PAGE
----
The more frequently you use the drug, the more likely you are to suffer neurodegeneration. Currently it is unknown as to whether taking the drug, followed by a sober period of a few days has any effect on reducing likelihood of developing dementia. It should be speculated that intermittent or “as needed” usage is less likely to produce impairment over the long term than consistent, daily usage. Using these drugs on a daily basis further increases risk of long-term cognitive deficits.
The higher the dosage you take, the greater the extent to which the drug will affect your brain. Those taking lower dosages may be at less risk of developing dementia. Taking high doses over a long-term can lead to neurodegeneration and may leave more of an irreversible mark on brain function than lower doses. Therefore if you must take these drugs, it is always recommended to take the “minimal effective dose.” Unfortunately though, it is relatively easy to build up tolerance (especially to benzodiazepines), making it difficult to avoid an increase in dose.
4. The specific drug(s)
The specific drug(s) that you take (or took) play a role in determining your dementia risk. Those who are on “long-acting” benzodiazepines (e.g. Valium) are at greater risk for impairment than those taking a “short-acting” drug (e.g. Xanax). The longer the drug produces a sedating, anxiolytic effect, the greater likelihood that you will experience impairment over the long-term.
While most people are only taking one of these medications at a time, poly-drug usage is still prevalent. Using multiple CNS depressants simultaneously can be fatal, yet people still do. Over the long-term, utilizing multiple medications associated with dementia may further increase risk of neurodegeneration.
5. Individual factors
It is important to consider other factors that may increase risk of developing dementia as a result of taking these drugs. It is possible that the drugs may interact with a person’s physiology and genetic expression to cause dementia. It also means that some people may have genetics that make them more resilient and less prone to developing a condition like Alzheimer’s as a result of taking Xanax.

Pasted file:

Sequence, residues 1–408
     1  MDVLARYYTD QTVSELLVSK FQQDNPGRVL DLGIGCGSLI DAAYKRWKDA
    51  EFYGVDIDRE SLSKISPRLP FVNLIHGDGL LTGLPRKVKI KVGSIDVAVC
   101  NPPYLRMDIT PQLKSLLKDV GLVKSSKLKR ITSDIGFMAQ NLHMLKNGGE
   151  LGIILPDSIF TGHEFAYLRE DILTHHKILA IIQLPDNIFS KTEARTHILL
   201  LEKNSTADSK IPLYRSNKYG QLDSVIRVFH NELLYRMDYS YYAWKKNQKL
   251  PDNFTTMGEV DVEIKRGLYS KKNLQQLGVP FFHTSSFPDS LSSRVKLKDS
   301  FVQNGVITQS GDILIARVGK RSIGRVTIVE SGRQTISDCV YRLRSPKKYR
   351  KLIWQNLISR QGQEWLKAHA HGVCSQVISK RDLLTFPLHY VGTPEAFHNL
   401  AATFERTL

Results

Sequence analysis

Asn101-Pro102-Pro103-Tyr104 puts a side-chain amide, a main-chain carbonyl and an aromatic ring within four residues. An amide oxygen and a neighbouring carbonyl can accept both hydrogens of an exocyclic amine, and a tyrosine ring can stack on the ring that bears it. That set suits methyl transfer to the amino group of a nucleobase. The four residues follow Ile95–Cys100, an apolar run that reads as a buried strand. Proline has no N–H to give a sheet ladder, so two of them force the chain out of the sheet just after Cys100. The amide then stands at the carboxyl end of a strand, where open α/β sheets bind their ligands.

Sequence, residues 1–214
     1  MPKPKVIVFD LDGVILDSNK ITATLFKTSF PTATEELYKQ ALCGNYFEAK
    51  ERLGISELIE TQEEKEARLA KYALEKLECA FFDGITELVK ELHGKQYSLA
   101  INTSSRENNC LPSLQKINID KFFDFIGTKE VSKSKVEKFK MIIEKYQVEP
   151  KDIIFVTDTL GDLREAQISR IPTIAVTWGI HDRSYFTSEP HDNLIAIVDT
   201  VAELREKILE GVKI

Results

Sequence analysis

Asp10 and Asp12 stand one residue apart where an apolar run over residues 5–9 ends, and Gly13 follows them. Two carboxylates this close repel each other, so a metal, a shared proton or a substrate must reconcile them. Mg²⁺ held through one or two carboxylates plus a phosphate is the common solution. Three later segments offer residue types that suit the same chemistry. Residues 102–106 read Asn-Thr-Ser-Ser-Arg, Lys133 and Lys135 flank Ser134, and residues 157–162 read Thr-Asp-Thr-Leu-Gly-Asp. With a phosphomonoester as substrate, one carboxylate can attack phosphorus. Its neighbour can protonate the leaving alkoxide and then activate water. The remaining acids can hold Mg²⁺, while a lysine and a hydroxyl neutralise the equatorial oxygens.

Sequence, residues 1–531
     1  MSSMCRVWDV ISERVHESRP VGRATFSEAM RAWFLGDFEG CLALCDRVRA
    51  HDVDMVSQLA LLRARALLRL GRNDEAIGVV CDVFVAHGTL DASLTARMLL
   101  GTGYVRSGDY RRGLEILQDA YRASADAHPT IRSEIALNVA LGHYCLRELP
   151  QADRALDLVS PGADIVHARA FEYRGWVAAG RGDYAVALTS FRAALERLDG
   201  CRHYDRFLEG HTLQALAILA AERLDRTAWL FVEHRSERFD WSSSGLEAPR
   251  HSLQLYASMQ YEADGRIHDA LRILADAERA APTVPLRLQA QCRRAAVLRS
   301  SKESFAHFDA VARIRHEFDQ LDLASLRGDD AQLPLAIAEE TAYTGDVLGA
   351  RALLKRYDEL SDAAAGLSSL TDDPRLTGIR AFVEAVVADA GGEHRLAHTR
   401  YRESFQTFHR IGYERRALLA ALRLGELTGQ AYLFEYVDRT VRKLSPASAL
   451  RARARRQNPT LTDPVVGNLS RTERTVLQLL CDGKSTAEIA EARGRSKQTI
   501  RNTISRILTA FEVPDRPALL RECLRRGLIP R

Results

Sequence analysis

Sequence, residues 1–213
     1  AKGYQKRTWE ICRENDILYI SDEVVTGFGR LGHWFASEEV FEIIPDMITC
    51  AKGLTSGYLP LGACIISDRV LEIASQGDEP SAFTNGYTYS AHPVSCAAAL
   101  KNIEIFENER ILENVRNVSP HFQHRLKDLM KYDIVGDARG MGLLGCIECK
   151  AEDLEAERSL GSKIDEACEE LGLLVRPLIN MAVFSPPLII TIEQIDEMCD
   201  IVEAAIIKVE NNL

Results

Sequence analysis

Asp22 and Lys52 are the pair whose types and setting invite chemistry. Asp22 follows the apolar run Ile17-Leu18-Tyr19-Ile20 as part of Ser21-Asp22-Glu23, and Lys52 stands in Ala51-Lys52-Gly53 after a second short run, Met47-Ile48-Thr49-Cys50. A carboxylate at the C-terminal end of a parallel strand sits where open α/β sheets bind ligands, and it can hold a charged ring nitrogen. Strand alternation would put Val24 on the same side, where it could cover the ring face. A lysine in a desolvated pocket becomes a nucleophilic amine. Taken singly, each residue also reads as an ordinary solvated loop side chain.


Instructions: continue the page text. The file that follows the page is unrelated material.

The lifestyle you live, amount of stress you endure, whether you get adequate sleep, other drugs you take, your diet, and heredity may also contribute to developing dementia. Consider the possibility that all of these symbiotic factors may collectively (or indirectly) contribute to development of dementia.
Weighing the Pros and Cons
If you are taking drugs within any of the classifications listed above, you should think critically about the benefits vs. the cons. Obviously the major “con” that this article addresses is the possible development of dementia. Sure it may be great to medicate your anxiety or sleep problems with a potent drug, but short-term gain may equal long-term brain atrophy.
Benefits: There are many benefits that can be obtained from taking drugs within the classifications listed above. Most of the drugs provide immediate relief, are highly effective, and help people that aren’t responsive to other medications.
- Efficacy – Most of these drugs are prescribed because they are highly effective in the management of symptoms. Those that take benzodiazepines tend to have some of the most severe cases of anxiety and need something that’ll work well; these drugs deliver.
- Immediate relief – Using antidepressants and/or other drugs as alternatives doesn’t always work. Many antidepressants can take a long time to work (e.g. 4 to 6 weeks) and drugs like benzos tend to help immediately. Therefore a person doesn’t have to worry about experimenting with various drugs because they know taking a sleeping pill for insomnia will do the trick.